In the picturesque setting of Gatineau, Quebec, the International Symposium on Destination Stewardship convened, marking a significant moment in the evolution of global tourism. Spearheaded by Destination Canada, this event brought together thought leaders, policymakers, and industry experts to forge a new path for a sector at a crossroads. The focus? To reimagine tourism in a way that’s not only economically prosperous but also inclusive, resilient, and sustainable. This article delves into the key insights and transformative ideas that emerged from this groundbreaking symposium.
The Seed of Change in Global Tourism
The International Symposium on Destination Stewardship represents a critical juncture in the global tourism narrative. For too long, the industry has been measured by numbers – the volume of tourists and revenue generated. However, this symposium challenged participants to think beyond these traditional metrics. It asked a pivotal question: How can tourism evolve to benefit not just economies but also communities and the environment?
The Vision of Destination Canada
Destination Canada, a Crown corporation dedicated to promoting tourism, has been at the forefront of this paradigm shift. Their vision is clear – to position Canada not just as a destination of choice but as a leader in sustainable and responsible tourism. This vision is about balancing economic growth with the wellbeing of local communities and the preservation of natural and cultural heritage.
Soraya Martinez Ferrada’s Opening Address
The Honourable Soraya Martinez Ferrada, Canada’s Minister of Tourism, set the tone for the Symposium with an inspiring opening address. She emphasized the need for a sustainable approach to tourism, one that aligns with the evolving expectations of travelers and the imperatives of climate change. Her message was clear: the future of tourism lies in its ability to be a force for good.
A New Path for Tourism: Inclusivity, Resilience, Prosperity
The Symposium’s agenda was built around the idea of creating a more inclusive, resilient, and prosperous tourism sector. This means looking at how tourism can better support local economies, protect and celebrate cultural and natural assets, and build resilience against global challenges like climate change.
Learning from the Past: Leveraging Existing Initiatives
A key theme of the Symposium was learning from existing initiatives. By examining past successes and failures, the event sought to build a more informed and effective approach to tourism development. This retrospective view is crucial in avoiding past mistakes and replicating success stories.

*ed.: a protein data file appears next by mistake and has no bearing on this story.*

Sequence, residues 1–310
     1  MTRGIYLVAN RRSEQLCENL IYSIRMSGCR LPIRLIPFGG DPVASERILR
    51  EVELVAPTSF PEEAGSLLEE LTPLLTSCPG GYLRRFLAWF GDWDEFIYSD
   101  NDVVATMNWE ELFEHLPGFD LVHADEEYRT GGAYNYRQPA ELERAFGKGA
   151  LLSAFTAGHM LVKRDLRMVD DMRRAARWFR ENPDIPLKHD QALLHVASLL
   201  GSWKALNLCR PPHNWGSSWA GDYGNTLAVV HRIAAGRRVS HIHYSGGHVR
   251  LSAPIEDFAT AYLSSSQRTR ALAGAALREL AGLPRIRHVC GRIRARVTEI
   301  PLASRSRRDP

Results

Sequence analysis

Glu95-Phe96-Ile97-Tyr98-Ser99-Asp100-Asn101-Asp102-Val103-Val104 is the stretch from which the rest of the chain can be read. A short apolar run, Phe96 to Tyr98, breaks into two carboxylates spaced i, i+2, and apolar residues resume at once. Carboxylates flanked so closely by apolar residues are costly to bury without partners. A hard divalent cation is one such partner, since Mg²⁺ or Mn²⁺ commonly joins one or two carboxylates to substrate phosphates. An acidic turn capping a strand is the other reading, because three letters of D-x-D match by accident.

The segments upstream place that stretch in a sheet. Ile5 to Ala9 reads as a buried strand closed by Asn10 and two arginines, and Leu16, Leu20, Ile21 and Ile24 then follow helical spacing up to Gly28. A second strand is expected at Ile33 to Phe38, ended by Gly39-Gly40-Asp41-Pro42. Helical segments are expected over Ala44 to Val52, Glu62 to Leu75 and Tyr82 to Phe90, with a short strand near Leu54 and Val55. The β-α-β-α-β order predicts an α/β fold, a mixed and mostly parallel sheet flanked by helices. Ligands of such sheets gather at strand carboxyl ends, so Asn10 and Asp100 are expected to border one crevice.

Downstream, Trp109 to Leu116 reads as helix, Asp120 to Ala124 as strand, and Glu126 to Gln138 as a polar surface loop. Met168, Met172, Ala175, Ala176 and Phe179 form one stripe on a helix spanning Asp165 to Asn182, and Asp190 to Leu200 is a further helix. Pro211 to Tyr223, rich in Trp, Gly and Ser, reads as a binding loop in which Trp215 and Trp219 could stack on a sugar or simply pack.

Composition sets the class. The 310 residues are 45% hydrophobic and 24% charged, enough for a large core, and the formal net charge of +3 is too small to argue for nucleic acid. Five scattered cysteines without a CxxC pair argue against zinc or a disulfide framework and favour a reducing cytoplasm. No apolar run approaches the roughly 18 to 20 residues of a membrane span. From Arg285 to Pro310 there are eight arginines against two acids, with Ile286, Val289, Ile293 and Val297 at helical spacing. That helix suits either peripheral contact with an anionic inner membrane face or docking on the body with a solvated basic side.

The Regenerative Approach to Tourism
One of the Symposium’s most compelling discussions centered around regenerative tourism. This approach goes beyond sustainability – it’s about leaving places better than we found them. It’s a holistic view that considers the long-term health of ecosystems, communities, and cultures.
Tourism’s Impact on Communities and Environment
The Symposium brought to light the profound impact tourism has on communities and the environment. It’s a double-edged sword – while it can bring economic benefits, it can also lead to over-tourism, cultural erosion, and environmental degradation. Balancing these impacts is key to the future of tourism.
Canadian Residents’ Perspective on Tourism
Recent research involving over 15,000 Canadians revealed that 82% view tourism positively. This statistic underscores the potential of tourism as a unifying force. However, it also highlights the need for a model of tourism that Canadians can be proud of – one that respects their communities and natural landscapes.
Redefining Success in the Tourism Industry
The Symposium urged a redefinition of success in tourism. Moving away from volume and revenue as sole indicators, it advocated for metrics that also consider social, cultural, and environmental impacts. This shift is crucial for the long-term sustainability of the industry.
Global Demand for Community-Centric Tourism
Globally, there’s an increasing demand for tourism that places communities at its heart. This shift is driven by travelers seeking more authentic and meaningful experiences, as well as by the growing recognition of the rights and roles of local communities in tourism.
The Symposium as a Global Touchpoint
The Symposium served as a global touchpoint, a place where diverse voices from across the world converged to shape the future of tourism. It was a platform for sharing ideas, learning from other industries, and forging new paths for industry growth and resilience.
Marsha Walden’s Insights on Global Tourism
Marsha Walden, President and CEO of Destination Canada, shared her insights on global tourism. She emphasized the need for a regenerative approach that supports people, place, and prosperity. Her vision for Canada as a global leader in destination development was both ambitious and inspiring.
Collaborative Efforts for Progressive Tourism
The Symposium highlighted the importance of collaboration in achieving sustainable tourism goals. It brought together stakeholders from various sectors, demonstrating that the future of tourism is not just the concern of the industry but of society at large.